It may be tempting for organizations to consolidate administrator duties in the cloud because many functions can be conveniently and centrally administered using virtualization management software. However, as with physical IT environments, in which servers, networks and security functions are split among several administrators or departments, segregating those functions within the cloud can provide added security by diffusing control.
Manage policies for provisioning virtual machines: Organizations establishing a security posture based on virtual machine identities should know how those identities are formed and what precautions their cloud vendors have taken to safeguard those identities.
Employ data encryption and tokenization: Organizations should encrypt data residing with or accessible to cloud providers. Additionally, organizations should ensure cloud vendors support data encryption controls that secure every layer of the IT stack.
Adopt federated identity policies backed by strong authentication practices: Federated identity policies, like the authentication services that accompany them, are only as strong as their weakest link. Each member of the federation must be trusted to comply with the group’s security policies. Employing a uniform, acceptable level of strong authentication among all members of the federation will be crucial for creating a climate of trust that will allow federated identity models to become more widespread.
In the coming years, organizations will need to extend their private cloud capabilities in strong authentication and fraud detection to protect against phishing, malware and even information espionage. In building stronger defenses against unauthorized access and online fraud, organizations can borrow from these practices commonly used to prevent online financial fraud:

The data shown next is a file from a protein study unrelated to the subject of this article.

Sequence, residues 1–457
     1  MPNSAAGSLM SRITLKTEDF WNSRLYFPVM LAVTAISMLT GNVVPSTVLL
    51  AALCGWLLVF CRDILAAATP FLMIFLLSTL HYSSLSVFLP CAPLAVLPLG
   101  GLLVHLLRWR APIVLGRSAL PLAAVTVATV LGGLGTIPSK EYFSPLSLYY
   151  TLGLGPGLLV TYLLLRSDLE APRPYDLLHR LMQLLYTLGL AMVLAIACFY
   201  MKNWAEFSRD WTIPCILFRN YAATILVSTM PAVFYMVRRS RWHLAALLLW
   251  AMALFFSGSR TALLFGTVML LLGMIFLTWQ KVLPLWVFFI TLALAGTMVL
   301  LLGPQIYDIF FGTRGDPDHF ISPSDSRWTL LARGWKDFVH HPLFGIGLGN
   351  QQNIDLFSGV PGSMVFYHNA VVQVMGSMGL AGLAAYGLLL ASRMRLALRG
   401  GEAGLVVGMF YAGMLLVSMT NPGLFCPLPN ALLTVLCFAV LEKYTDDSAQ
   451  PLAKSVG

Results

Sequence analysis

Implement strong authentication services: Deploying riskbased identity access and management systems, which intelligently vary authentication processes based on realtime calculations of risk, is one of the most effective ways to secure user identities in the cloud.
Deploy multiple lines of defense to protect against sophisticated malware attacks: The growing use of strong authentication techniques has spurred fraudsters to develop new, more sophisticated methods for intercepting user identities to commit crimes. Companies can protect their private clouds from fraudsters’ malware attacks by deploying multilayered approaches to prevent intrusion and to verify user identities.
Map the “Dark Cloud” of cybercrime: Cybercrime intelligence services can provide valuable, timely insight into cyber criminals’ methods of operation and their ecosystems. Such insight can be used to help organizations detect malware attacking their users, recover credentials stolen from users, shut down infection points and spoofed phishing websites and monitor botnets and command & control motherships.
Within cloud environments, the virtualization layer provides an unprecedented degree of visibility for auditing. Following are some best practices for organizations to employ when handling identity compliance in private clouds:
Monitor cloud vendors for compliance: Companies deploying private clouds should coordinate with their various cloud providers to ensure the data needed to prove regulatory compliance is fed back into the enterprise.
Ensure adherence to jurisdictional-specific regulations in borderless clouds: Complying with government regulations to preserve data privacy can pose a challenge in clouds, where data can be automatically shared and stored in several locations at once. “Data-aware” clouds are among the many sophisticated tools that are emerging for enterprises to use in complying with regulations within the cloud environment.